Jean Renoir Marvin Zeman - Essay

Marvin Zeman

(Contemporary Literary Criticism)

The Little Theatre of Jean Renoir is an old man's film: Renoir is using the film to express his view of life from the vantage point of seventy-six years, which differs sharply from that of the thirties, his days of youth. In "Le Roi d'Yvetot" Duvallier insists upon the veterinarian, his wife's lover, staying in his household. This is quite different from what Renoir's characters did previously in similar situations….

In his early years, Renoir, at most, pointed out the problems of society; in this film he gives a solution. But Renoir does point out that this solution is usually arrived at only with the experience of age. Renoir manifests this by contrasting Duvallier's behavior with that of his young maid….

It is interesting to compare Renoir's use of the Anderson story in "La Dernier Reveillon" to what he did with it in its predecessor, La Petite Marchande d'Allumettes. That film was made in 1928 when Renoir was young, and it has a young man's theme. Now, in his old age, Renoir is concerned with age, and the theme is changed accordingly. First, the young match girl is replaced by the two aging tramps. Second, and most important, Renoir changes the girl's dream. (p. 52)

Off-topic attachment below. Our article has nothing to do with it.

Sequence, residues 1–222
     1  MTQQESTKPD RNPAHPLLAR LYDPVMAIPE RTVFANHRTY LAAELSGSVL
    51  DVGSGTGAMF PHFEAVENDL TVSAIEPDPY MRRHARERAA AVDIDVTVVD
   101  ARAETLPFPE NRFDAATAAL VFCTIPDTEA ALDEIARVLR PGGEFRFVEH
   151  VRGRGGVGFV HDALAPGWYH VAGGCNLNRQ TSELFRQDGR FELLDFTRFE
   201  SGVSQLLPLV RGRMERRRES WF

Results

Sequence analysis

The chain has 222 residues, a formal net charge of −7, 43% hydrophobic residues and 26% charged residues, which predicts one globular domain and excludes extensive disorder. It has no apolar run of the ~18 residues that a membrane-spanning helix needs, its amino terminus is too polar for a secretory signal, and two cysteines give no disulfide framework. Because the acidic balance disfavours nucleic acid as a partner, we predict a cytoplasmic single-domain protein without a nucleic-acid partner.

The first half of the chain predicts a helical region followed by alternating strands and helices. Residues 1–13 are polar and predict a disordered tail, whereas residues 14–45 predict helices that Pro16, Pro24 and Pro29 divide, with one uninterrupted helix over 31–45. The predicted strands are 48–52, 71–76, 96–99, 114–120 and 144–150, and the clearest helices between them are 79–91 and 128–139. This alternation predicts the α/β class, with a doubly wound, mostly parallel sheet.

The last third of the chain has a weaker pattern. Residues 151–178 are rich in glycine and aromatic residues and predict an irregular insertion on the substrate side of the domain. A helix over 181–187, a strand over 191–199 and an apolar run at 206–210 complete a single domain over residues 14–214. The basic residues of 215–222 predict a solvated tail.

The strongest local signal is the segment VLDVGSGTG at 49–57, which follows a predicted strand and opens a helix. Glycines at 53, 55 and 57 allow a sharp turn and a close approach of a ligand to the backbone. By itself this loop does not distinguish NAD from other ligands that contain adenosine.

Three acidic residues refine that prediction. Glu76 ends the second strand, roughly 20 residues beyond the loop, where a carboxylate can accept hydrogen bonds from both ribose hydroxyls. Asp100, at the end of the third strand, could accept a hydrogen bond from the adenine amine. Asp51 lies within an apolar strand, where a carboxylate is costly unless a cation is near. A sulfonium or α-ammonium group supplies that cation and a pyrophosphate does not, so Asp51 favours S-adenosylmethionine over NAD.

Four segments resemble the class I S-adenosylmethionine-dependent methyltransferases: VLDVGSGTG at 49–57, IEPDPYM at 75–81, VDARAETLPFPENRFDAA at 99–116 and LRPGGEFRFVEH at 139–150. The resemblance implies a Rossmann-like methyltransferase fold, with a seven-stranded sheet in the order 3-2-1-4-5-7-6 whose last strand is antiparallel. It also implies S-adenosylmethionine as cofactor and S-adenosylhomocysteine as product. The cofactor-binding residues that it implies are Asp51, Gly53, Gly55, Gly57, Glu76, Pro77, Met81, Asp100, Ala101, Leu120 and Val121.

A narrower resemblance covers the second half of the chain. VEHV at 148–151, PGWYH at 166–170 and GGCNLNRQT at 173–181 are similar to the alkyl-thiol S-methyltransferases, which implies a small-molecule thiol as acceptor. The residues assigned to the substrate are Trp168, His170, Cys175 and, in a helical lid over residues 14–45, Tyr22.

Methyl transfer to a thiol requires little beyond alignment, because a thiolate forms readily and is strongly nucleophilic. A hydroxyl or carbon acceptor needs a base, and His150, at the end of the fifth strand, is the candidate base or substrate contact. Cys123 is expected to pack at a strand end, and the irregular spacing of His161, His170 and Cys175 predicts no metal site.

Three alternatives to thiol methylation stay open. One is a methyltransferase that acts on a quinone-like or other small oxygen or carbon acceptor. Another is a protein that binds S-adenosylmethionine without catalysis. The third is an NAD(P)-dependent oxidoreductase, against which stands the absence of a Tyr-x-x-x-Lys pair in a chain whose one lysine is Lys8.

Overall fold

Renoir seems to have attained the state of what the Japanese call mono no aware. According to Donald Richie this is "an elegiac emotion which occurs when we realize that the beauties and pleasures of our life will pass and fade and when we agree that, since this is the way it must be, it is therefore fitting that they do."… Renoir transmits this serenity partly through the simple settings and his unobtrusive camera. Whatever camera movement there is, is quite unnoticeable, and there are no camera tricks at all….

This is also an old man's film in the sense that Renoir's oeuvre is so rich that he can "borrow" from and refer to his past films in a very natural and subtle way. (p. 53)

[All] in all, the film is charming (not in a cloying way) and enjoyable. If it is not one of Renoir's best films, it is very close, despite the limitations of the episode form. (p. 54)

Marvin Zeman, "Reviews: 'The Little Theatre of Jean Renoir'," in Film Quarterly (copyright 1971 by The Regents of the University of California; reprinted by permission of the University of California Press), Vol. XXIV, No. 3, Spring, 1971, pp. 51-4.